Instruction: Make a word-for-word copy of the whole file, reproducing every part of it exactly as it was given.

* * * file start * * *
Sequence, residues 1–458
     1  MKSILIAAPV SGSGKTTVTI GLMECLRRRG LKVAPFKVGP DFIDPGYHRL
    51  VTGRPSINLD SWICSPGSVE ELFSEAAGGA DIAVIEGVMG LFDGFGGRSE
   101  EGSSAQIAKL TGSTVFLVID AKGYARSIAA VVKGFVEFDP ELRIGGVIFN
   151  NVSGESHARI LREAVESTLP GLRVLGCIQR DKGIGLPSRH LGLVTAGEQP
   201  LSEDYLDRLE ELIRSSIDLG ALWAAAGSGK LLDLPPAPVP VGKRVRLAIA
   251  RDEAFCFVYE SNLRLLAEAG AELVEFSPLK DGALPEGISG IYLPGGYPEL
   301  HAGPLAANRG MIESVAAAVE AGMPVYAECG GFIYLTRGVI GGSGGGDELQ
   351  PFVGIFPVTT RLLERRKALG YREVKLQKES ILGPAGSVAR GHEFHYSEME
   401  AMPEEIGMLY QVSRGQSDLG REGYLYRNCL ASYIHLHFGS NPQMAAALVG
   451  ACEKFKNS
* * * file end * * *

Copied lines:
Sequence, residues 1–458
     1  MKSILIAAPV SGSGKTTVTI GLMECLRRRG LKVAPFKVGP DFIDPGYHRL
    51  VTGRPSINLD SWICSPGSVE ELFSEAAGGA DIAVIEGVMG LFDGFGGRSE
   101  EGSSAQIAKL TGSTVFLVID AKGYARSIAA VVKGFVEFDP ELRIGGVIFN
   151  NVSGESHARI LREAVESTLP GLRVLGCIQR DKGIGLPSRH LGLVTAGEQP
   201  LSEDYLDRLE ELIRSSIDLG ALWAAAGSGK LLDLPPAPVP VGKRVRLAIA
   251  RDEAFCFVYE SNLRLLAEAG AELVEFSPLK DGALPEGISG IYLPGGYPEL
   301  HAGPLAANRG MIESVAAAVE AGMPVYAECG GFIYLTRGVI GGSGGGDELQ
   351  PFVGIFPVTT RLLERRKALG YREVKLQKES ILGPAGSVAR GHEFHYSEME
   401  AMPEEIGMLY QVSRGQSDLG REGYLYRNCL ASYIHLHFGS NPQMAAALVG
   451  ACEKFKNS